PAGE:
Ray said that he believes the iVenture Accelerator program will help him when he embarks on a medical career.
“iVenture has given me the skills to build an idea into a mechanism that can really help people – practicing physicians are in a great place to enact change and develop novel technologies, these skills are essential for medicine to evolve,” he said.
This year, iVenture selected 11 ventures to support out of a pool of 40 applicants. Sarah Brincks, iVenture Accelerator community engagement fellow, highlighted several benefits derived by students who participate in the program.
“Through iVenture, students receive professional development and crucial communication skills that will help them throughout their careers,” she said.
Brendan Rattin, CFO of virtumind who majors in molecular and cellular biology, said that vrtumind and iVenture are allowing himself and other co-founders to address a growing crisis.
“Mindfulness practice has largely shaped who I am today. It has helped me see light when I was struggling the most with my mental health,” Rattin said. “In recent times, it is becoming more and more apparent that mental health is on the decline. This is a trend that has only been growing with time. Especially in marginalized populations.”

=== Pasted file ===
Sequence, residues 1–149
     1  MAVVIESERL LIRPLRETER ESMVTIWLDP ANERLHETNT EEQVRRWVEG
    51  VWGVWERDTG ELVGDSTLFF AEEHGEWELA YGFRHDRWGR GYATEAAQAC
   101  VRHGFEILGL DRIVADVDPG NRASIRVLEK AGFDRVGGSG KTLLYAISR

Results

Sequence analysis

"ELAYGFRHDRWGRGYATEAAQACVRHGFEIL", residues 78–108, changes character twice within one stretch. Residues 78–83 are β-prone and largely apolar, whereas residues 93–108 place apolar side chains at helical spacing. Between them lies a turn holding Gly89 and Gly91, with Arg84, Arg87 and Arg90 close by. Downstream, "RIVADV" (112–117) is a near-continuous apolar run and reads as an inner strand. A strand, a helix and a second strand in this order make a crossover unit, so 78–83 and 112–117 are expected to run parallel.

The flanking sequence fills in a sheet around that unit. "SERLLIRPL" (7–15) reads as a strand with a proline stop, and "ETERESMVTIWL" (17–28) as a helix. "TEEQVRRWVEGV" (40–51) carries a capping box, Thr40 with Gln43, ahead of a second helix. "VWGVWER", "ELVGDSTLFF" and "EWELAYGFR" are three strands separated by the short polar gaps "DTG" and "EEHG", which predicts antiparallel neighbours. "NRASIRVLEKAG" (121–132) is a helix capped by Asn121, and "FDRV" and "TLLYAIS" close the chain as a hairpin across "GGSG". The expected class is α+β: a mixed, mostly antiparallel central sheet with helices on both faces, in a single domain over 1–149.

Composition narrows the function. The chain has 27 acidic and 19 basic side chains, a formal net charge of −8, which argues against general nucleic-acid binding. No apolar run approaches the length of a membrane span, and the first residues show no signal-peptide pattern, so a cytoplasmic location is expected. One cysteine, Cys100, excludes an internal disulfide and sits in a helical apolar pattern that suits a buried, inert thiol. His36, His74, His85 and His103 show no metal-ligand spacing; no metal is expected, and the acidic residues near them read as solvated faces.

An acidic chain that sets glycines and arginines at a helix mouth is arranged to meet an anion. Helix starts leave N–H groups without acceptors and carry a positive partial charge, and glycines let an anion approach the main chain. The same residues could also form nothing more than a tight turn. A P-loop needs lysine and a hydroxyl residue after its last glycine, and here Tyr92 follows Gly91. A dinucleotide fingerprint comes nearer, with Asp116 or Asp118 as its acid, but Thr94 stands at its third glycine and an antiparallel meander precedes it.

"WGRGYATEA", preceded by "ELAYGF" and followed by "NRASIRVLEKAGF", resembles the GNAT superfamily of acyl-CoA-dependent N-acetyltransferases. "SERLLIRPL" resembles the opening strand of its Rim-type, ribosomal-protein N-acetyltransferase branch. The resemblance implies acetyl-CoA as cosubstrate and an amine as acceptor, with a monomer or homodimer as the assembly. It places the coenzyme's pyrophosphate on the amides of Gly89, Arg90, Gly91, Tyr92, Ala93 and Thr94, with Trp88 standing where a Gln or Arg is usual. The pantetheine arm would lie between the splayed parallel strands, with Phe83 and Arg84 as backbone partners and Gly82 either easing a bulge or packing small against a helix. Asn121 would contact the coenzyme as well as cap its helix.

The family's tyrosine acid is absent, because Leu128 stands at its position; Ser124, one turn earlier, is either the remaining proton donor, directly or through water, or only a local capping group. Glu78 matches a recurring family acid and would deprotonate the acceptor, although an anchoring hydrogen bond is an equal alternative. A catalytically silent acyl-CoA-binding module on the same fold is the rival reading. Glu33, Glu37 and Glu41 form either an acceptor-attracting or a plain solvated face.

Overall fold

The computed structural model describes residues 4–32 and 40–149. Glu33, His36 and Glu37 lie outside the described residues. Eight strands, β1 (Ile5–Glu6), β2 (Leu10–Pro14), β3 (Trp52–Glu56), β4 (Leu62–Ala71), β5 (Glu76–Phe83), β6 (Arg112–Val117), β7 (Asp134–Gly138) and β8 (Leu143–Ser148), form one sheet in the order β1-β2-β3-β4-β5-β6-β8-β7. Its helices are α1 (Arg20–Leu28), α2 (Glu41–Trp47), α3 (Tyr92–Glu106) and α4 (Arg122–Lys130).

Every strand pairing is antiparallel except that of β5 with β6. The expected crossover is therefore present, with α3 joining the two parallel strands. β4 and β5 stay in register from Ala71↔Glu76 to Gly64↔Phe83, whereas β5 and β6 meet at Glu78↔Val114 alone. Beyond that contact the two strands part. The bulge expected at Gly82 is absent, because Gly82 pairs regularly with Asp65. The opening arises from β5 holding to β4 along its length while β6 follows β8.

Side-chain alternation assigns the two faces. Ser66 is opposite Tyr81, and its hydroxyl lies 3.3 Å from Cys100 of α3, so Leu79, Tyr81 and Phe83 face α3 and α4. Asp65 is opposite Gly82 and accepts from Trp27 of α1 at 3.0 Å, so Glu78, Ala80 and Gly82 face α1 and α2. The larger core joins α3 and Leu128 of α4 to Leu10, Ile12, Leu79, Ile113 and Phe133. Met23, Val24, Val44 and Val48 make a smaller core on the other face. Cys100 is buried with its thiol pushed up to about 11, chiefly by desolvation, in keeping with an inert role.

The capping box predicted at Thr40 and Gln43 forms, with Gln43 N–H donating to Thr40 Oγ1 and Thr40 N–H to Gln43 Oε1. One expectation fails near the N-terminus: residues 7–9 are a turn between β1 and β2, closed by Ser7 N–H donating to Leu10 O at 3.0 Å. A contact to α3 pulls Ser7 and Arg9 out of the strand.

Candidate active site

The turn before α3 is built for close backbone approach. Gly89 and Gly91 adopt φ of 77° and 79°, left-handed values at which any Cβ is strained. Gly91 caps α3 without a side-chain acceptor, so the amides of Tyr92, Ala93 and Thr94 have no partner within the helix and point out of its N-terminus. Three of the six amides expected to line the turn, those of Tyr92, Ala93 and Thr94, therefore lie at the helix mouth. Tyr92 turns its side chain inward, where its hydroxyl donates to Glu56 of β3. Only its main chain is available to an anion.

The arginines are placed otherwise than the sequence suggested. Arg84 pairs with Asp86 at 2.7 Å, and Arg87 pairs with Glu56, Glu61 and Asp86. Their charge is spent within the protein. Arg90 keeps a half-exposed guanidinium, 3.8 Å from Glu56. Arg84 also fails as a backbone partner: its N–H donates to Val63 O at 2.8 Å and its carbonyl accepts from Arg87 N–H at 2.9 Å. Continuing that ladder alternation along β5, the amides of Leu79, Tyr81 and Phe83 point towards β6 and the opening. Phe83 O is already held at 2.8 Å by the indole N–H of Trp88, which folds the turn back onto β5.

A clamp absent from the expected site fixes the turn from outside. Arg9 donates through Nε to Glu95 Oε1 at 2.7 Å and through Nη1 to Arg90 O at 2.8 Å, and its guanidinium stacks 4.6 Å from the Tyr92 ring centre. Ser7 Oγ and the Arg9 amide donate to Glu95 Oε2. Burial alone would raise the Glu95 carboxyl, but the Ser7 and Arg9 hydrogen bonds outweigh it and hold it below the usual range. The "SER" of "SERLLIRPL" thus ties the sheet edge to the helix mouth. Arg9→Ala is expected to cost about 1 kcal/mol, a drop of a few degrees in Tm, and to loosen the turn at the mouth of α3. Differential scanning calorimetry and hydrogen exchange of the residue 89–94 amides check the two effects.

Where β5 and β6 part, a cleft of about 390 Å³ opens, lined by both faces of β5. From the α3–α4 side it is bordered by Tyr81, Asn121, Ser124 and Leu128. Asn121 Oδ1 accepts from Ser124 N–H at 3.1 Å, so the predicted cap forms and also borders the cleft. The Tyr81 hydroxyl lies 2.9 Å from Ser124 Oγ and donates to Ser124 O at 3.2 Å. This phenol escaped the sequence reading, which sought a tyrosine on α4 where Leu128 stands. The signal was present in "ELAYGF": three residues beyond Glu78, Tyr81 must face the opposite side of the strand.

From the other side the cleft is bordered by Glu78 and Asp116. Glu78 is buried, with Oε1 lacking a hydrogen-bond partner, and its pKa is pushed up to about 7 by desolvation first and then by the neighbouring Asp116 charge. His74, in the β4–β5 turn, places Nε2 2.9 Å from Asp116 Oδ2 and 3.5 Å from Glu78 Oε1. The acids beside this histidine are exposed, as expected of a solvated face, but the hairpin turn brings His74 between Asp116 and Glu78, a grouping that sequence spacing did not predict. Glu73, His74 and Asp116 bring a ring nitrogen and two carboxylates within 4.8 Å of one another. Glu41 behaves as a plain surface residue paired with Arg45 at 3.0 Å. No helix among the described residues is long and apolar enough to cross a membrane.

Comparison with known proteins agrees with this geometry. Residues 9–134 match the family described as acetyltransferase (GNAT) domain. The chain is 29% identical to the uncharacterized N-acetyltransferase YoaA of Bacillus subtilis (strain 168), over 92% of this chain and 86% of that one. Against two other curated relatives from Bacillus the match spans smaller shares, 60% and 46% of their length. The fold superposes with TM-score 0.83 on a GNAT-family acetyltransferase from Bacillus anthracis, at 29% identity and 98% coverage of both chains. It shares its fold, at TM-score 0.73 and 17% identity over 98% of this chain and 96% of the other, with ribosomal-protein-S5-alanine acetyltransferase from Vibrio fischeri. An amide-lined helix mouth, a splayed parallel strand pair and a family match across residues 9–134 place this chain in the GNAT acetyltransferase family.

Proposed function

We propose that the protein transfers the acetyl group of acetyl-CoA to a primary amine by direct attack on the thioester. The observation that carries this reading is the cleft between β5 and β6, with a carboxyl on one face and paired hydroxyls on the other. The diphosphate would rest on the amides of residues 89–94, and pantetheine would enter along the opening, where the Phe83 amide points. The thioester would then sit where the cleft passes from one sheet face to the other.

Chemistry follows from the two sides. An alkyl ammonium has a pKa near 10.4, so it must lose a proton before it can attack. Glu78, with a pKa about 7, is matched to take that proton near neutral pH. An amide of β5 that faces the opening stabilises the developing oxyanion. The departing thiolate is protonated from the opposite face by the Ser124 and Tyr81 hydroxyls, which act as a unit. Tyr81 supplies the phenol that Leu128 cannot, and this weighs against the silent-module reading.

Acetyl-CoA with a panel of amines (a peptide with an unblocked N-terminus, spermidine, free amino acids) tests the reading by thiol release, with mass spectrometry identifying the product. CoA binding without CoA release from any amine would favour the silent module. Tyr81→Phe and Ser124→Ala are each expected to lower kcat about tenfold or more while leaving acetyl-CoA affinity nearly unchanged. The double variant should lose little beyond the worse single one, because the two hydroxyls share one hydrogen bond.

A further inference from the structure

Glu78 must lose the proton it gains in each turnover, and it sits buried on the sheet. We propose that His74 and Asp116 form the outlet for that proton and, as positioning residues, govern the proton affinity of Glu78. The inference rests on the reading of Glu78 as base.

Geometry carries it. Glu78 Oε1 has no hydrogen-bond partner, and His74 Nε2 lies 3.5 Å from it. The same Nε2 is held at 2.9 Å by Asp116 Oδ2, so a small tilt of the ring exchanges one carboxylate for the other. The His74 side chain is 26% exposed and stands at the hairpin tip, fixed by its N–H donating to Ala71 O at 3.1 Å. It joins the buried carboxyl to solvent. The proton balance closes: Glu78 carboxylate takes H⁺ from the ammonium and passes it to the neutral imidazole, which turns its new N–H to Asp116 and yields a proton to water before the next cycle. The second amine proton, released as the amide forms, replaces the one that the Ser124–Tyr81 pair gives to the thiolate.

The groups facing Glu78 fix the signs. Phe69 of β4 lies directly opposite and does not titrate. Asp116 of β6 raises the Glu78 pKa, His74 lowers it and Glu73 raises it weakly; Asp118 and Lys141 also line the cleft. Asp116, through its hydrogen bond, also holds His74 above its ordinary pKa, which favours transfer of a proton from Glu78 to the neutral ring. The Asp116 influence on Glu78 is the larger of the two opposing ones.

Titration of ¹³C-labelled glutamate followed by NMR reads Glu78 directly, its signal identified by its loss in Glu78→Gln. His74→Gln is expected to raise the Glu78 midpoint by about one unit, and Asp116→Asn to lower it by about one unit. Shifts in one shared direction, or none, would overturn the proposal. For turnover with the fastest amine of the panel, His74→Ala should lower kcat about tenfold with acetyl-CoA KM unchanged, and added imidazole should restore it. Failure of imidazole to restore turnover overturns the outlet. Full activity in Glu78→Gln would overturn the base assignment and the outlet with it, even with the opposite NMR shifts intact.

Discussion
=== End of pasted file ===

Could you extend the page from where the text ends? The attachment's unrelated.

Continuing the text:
Archit Gupta, a senior studying computer science + astronomy, is involved with a startup called FastTrack, which is focused on providing budding musical artists with record label-like resources. He said that the iVenture program has been instrumental in helping him to develop as an entrepreneur.
“iVenture is not only helping us grow FastTrack, but is also a massive learning experience on an individual level,” said Gupta, who is also studying computer science in the Grainger College of Engineering. “It is a guiding hand through the entrepreneurial process, and has helped me form long lasting valuable connections that can be useful throughout my career.”
Gupta’s venture partner, Nikhil Makhijani, who majors in economics and astronomy, agrees. “My experience with the program will help me learn all the different pieces of entrepreneurship while giving me access to a large network of like-minded individuals,” he said.
As a writer, Makhijani was inspired to develop FastTrack as he believes there are not enough tools on the market focused on refining musicians' work. “I want to build a platform where artists of any kind can find a community of others that support them in perfecting their craft,” he said.